After watching the Groupon ads today I just had to write this quick blog post.
For most of us, a major highlight of the Super Bowl is the creative advertisements punctuating each break in the game. Brands and advertising agencies really put their noggins together to make sure they are getting the most bang for their buck in these astronomically expensive ad spots. But sometimes there are flubs or ads that push the limits of acceptable in order to garner mass press (remember the launch of the Godaddy Girls?). This time around one of the most talked about controversial ad campaigns was Groupon’s tactless bait-and-switch commercials.
If you haven’t seen the Groupon ads view a couple below:
We all love a good joke, but these ads were not really even funny. They are the kind of ads that a creative team may have come up with when they were still at the drawing board, but they should have never actually gone “to print.” Now this, of course, is just my opinion (well, and that of a few other people, too) but this is the point at which branding, including a set of company/brand values would have saved them from themselves.
The other day I was revisiting the book Rework and one particular concept stood out to me–an advantage of being “small”. In a chapter titled “Welcome Obscurity” the authors talk about being in the early stages of business. Specifically they say “Use this time to make mistakes without the whole world hearing about them…Keep Tweaking. Try new things.” When you’re the little guy and you haven’t built a large following yet you can test out some of your hair-brained ideas without the repercussions that a larger brand, like Groupon, will have to deal with. Groupon has really illustrated this point, we’re all going to make mistakes, but let’s try to do it when 100 million people AREN’T watching.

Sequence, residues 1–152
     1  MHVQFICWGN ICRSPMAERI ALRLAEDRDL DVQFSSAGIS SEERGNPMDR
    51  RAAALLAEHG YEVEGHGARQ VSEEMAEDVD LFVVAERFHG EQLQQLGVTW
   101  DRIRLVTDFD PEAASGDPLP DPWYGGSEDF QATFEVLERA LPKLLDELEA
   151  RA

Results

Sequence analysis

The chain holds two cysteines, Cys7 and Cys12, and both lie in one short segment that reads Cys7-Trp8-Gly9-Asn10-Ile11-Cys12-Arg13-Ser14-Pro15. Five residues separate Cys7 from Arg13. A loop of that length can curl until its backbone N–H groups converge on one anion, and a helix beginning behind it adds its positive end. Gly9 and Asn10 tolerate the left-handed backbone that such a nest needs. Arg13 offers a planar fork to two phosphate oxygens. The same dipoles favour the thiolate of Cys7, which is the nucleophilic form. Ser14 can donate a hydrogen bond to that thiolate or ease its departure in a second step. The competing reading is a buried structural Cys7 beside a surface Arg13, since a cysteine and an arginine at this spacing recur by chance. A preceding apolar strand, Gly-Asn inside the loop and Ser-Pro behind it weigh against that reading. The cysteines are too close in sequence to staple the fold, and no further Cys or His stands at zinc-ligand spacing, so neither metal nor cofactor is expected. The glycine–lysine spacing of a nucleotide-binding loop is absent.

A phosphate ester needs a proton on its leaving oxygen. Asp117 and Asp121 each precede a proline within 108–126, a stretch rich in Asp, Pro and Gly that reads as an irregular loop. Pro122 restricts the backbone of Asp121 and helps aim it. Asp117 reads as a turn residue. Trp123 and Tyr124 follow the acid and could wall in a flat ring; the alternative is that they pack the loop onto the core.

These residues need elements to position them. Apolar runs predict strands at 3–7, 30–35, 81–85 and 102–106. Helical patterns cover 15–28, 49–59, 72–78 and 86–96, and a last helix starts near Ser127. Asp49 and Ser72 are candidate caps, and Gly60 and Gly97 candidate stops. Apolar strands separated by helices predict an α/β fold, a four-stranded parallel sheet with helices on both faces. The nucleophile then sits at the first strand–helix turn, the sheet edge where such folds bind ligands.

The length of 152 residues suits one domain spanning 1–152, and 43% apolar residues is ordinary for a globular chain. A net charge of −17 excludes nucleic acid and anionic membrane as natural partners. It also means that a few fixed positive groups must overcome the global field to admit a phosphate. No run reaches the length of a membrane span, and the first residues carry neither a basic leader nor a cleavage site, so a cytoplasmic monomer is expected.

An article on CNN.com entitled “Groupon spends big on controversial (tasteless?) Super Bowl spots“ theorizes that dot.com startups like Groupon have acted like they were already established brands when they decided to shell out the dough for Super Bowl ad spots. Steve McKee, president of McKee Wallwork Cleveland (an ad firm) is quoted in the article as saying, “When you’re introducing a new concept to the marketplace, you have to focus more on positioning, rather than personality.” I do agree, to a certain extent that is. In this situation however I theorize that Groupon was actually acting like “too small” of a company, believing that an inside joke they found funny would resonate with the market. It may have been better to think it through a little further.
The sad thing is that Groupon apparently is actually donating a portion of their proceeds to the charitble causes it pokes fun at in their ads. Perhaps if they had actually communicated that fact the ads would not have left such a bad taste in our mouths. As for the rest of us–if your business is still “small” try a few things, but remember to always default back to your original brand values as your guide.
That’s my take on it anyway. What do you think? I’d love to hear your opinions on this subject.
Oh & here’s Conan’s take on the Groupon ads: